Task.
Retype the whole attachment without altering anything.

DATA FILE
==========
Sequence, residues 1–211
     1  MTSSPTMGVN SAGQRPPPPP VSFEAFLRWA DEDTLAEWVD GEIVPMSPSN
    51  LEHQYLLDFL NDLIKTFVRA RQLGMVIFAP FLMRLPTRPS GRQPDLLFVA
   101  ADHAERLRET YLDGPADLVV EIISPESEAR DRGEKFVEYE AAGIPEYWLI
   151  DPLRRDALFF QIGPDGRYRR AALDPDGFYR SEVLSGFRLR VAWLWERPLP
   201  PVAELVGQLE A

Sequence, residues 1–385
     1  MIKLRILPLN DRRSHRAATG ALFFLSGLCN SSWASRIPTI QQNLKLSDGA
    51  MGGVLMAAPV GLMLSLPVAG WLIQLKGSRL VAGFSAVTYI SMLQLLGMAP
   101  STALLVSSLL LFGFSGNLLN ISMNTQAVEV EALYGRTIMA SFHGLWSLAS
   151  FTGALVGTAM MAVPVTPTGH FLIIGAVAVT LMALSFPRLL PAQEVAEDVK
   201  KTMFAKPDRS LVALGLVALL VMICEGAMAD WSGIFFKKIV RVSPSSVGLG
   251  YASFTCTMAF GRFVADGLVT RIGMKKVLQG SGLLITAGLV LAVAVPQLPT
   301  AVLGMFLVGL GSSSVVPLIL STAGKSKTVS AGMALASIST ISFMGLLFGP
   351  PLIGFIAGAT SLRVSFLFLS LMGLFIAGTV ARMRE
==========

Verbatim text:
Sequence, residues 1–211
     1  MTSSPTMGVN SAGQRPPPPP VSFEAFLRWA DEDTLAEWVD GEIVPMSPSN
    51  LEHQYLLDFL NDLIKTFVRA RQLGMVIFAP FLMRLPTRPS GRQPDLLFVA
   101  ADHAERLRET YLDGPADLVV EIISPESEAR DRGEKFVEYE AAGIPEYWLI
   151  DPLRRDALFF QIGPDGRYRR AALDPDGFYR SEVLSGFRLR VAWLWERPLP
   201  PVAELVGQLE A

Sequence, residues 1–385
     1  MIKLRILPLN DRRSHRAATG ALFFLSGLCN SSWASRIPTI QQNLKLSDGA
    51  MGGVLMAAPV GLMLSLPVAG WLIQLKGSRL VAGFSAVTYI SMLQLLGMAP
   101  STALLVSSLL LFGFSGNLLN ISMNTQAVEV EALYGRTIMA SFHGLWSLAS
   151  FTGALVGTAM MAVPVTPTGH FLIIGAVAVT LMALSFPRLL PAQEVAEDVK
   201  KTMFAKPDRS LVALGLVALL VMICEGAMAD WSGIFFKKIV RVSPSSVGLG
   251  YASFTCTMAF GRFVADGLVT RIGMKKVLQG SGLLITAGLV LAVAVPQLPT
   301  AVLGMFLVGL GSSSVVPLIL STAGKSKTVS AGMALASIST ISFMGLLFGP
   351  PLIGFIAGAT SLRVSFLFLS LMGLFIAGTV ARMRE